Throughout history, artistic expression has been a catalyst for political activism — using creativity to bring awareness to social ills and sometimes proposing solutions. This summer, Utah’s dancers are taking steps to bring attention to climate change, land conservation and respect for nature. As part of the nation’s burgeoning environmental arts movement, three Salt Lake City dance projects highlight sustainability issues through innovative aesthetic experiences in Utah’s vast open lands and i...
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No, Palm Oil Is Not Responsible For 40% Of Global Deforestation 8.6.2017 Green on HuffingtonPost.com
Victor Baron , Cirad ; Alain Rival , Cirad , and Raphael Marichal , Cirad A little over a month ago, Indonesia’s Environment and Forestry Ministry sought to extend a moratorium on issuing new licenses for using forest and peatland in the country for two years. Indonesia faces a massive ecological issue as its forests are rapidly disappearing and palm oil has been blamed for it. Indeed, the palm oil industry symbolizes tensions between the urgent need to preserve natural spaces and the necessary support for economic development in the global South. Palm is an exceptional oleaginous crop with an unequaled oil yield per hectare. It produces an abundant and inexpensive multi-purpose oil , which is sought by both the agro-food and biofuels industries. When properly developed and managed, palm oil plantations can play an important role in improving livelihoods and eradicating poverty in the tropics’ rural areas. The World Bank estimates that with a population increase of 11.6% and a 5% increase in per capita ...
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Remembering John Dillon 8.6.2017 rabble.ca - News for the rest of us
Jennifer Henry John Dillon, KAIROS Canada's long-serving researcher and policy analyst on the global economy, human rights and ecological justice passed away on June 5. John served the Canadian churches in ecumenical social justice for 44 years. He was a researcher, writer, analyst, but most importantly a persistent and faithful advocate for marginalized peoples everywhere. It was to the needs and concerns of women, Indigenous peoples, poor communities, and the cries of the earth that he held himself to account. "It is almost impossible to imagine the ecumenical coalitions, and now KAIROS, without him. John so vitally shaped our identity and commitments," says KAIROS' Executive Director, Jennifer Henry, who began working with John in the early 1990s. John never sought recognition for his work. And yet his research and policy analysis was the cornerstone of so many successful ecumenical advocacy and education campaigns for social change. As Amnesty International's Kathy Price said, "John did the quiet, ...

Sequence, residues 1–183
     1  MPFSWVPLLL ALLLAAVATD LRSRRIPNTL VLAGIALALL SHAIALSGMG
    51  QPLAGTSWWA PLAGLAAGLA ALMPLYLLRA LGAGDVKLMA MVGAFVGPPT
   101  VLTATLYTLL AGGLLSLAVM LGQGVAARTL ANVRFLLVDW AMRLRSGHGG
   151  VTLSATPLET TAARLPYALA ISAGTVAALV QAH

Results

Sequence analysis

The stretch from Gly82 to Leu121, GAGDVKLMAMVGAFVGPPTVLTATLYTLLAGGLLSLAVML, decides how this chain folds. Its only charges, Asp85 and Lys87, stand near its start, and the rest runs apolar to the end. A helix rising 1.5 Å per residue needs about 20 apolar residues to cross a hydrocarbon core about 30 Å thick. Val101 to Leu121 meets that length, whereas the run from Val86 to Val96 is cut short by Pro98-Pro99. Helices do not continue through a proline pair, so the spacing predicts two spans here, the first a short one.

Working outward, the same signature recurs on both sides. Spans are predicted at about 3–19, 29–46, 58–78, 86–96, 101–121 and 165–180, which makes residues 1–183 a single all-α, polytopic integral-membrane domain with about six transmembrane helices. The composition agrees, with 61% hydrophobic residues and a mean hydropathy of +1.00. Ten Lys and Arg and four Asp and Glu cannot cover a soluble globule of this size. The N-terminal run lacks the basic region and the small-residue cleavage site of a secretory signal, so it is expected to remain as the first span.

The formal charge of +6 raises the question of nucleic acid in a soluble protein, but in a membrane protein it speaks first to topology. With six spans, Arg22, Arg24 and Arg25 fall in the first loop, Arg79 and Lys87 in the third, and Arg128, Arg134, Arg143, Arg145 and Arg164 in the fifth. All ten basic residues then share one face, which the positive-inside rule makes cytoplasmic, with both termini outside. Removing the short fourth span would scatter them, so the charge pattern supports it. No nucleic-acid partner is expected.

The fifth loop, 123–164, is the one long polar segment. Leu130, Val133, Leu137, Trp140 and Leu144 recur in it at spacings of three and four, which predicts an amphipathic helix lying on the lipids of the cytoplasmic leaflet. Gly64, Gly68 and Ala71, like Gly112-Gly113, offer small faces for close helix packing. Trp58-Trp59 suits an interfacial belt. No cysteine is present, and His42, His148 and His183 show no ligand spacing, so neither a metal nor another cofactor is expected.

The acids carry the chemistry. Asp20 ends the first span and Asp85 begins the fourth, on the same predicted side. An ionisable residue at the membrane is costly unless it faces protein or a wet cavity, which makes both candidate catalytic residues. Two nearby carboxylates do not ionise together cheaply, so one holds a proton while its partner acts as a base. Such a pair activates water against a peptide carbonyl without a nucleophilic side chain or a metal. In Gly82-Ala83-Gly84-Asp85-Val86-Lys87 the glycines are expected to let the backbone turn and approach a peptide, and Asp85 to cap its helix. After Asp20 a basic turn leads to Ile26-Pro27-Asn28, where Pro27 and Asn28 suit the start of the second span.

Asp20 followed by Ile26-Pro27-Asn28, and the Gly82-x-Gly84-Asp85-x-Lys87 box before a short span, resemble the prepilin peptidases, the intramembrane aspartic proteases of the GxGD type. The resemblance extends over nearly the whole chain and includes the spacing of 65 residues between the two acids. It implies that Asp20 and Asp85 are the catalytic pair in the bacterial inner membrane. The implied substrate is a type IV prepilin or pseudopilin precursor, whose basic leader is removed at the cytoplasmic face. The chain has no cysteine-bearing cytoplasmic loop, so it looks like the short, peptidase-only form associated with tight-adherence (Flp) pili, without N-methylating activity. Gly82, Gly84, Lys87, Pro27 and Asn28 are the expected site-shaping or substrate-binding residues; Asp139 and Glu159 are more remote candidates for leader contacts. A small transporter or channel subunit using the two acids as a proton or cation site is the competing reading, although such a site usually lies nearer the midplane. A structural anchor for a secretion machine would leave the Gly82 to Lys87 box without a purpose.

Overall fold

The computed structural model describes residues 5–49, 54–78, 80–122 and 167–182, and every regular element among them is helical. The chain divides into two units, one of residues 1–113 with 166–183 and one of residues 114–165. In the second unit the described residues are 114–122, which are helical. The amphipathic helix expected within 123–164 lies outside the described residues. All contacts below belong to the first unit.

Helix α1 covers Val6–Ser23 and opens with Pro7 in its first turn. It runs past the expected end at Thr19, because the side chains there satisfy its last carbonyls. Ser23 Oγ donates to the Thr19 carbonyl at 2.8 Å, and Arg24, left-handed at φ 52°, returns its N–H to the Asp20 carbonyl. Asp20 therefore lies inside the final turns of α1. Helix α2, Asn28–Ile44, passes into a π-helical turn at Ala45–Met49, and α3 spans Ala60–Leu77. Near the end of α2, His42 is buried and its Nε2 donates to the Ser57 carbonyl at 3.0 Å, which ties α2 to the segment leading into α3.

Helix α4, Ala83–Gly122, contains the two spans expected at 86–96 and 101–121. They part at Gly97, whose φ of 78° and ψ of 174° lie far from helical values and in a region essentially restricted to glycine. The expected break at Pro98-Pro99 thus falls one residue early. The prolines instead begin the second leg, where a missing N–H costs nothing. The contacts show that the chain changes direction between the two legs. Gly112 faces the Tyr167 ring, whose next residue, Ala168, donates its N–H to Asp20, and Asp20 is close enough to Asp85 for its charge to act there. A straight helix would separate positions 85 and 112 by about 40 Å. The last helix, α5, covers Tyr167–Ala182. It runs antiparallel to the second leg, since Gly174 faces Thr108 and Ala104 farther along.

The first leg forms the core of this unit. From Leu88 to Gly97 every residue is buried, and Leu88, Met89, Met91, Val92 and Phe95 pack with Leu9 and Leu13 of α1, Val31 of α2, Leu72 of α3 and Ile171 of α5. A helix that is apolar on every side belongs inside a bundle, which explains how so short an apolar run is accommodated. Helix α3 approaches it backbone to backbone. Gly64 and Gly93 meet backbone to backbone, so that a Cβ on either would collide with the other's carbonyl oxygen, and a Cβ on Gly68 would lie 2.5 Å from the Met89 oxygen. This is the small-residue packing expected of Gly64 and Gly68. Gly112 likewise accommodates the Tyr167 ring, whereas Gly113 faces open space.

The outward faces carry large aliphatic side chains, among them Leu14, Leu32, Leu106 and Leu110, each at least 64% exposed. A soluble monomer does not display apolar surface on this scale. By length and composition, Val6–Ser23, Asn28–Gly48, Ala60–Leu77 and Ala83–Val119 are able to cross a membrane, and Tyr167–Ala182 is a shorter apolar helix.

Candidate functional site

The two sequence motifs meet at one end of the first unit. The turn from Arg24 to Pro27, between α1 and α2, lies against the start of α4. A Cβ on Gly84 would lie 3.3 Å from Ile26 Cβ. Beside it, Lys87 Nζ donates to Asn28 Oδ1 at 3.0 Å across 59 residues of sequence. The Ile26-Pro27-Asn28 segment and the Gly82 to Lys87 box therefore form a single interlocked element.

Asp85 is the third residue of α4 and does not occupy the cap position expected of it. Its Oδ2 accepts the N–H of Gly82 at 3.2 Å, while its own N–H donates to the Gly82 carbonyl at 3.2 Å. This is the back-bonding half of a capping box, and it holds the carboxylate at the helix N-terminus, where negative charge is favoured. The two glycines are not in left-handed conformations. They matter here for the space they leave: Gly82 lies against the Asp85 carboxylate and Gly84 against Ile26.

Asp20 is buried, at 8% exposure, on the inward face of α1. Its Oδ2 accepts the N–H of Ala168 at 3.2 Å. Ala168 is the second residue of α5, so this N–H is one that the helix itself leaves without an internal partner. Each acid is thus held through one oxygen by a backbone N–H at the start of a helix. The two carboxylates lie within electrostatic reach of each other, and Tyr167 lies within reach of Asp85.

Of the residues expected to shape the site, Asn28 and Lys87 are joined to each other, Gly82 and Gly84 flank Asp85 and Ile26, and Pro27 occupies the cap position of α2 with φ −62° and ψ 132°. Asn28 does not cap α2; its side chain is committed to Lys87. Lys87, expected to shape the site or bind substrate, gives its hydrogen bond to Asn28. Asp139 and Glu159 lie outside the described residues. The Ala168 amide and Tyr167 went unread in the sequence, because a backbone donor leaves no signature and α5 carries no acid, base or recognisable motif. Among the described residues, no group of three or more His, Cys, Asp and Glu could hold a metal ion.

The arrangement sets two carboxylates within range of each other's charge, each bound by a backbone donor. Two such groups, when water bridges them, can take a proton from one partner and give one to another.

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Madagascar's lemurs lurch toward extinction, but there could be a way to save them 7.6.2017 L.A. Times - World News

The road to Maromizaha Forest in Madagascar winds through hills dotted with charred stumps resembling broken teeth.

Trucks roar past a woman named Madeleine, who sits by the road chipping away at granite slabs, making gravel.

The hills above were once covered in trees, teeming with shrieking lemurs....

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Race Is At The Heart Of The New Faith-Driven Environmental Justice 5.6.2017 Green on HuffingtonPost.com
A quiet but powerful march took place in Philadelphia last week, indicating a new direction in the faith-driven environmental justice movement in America.  A coalition of climate activists and poverty activists walked through five counties and ended in Philadelphia to demand increases in solar power and the jobs it provides. The event, called  Power Local Green Jobs , was the brainchild of Earth Quaker Action Team ( EQUAT  ) and Philadelphians Organized to Witness Empower and Rebuild ( POWER ), a group consisting of more than 40 congregations around the city and led by Reverend Greg Holston, an African American pastor who is intent on making the connection between economic and environmental justice.  “Every single day, folks tell me about struggling to support their families. They need jobs, not programs. It’s time to build a green city that works for all,” ― Rev. Greg Holston Rev. Holston was joined in the march by Bishop Dwayne Royster of  Living Water United Church of Christ , another Black faith ...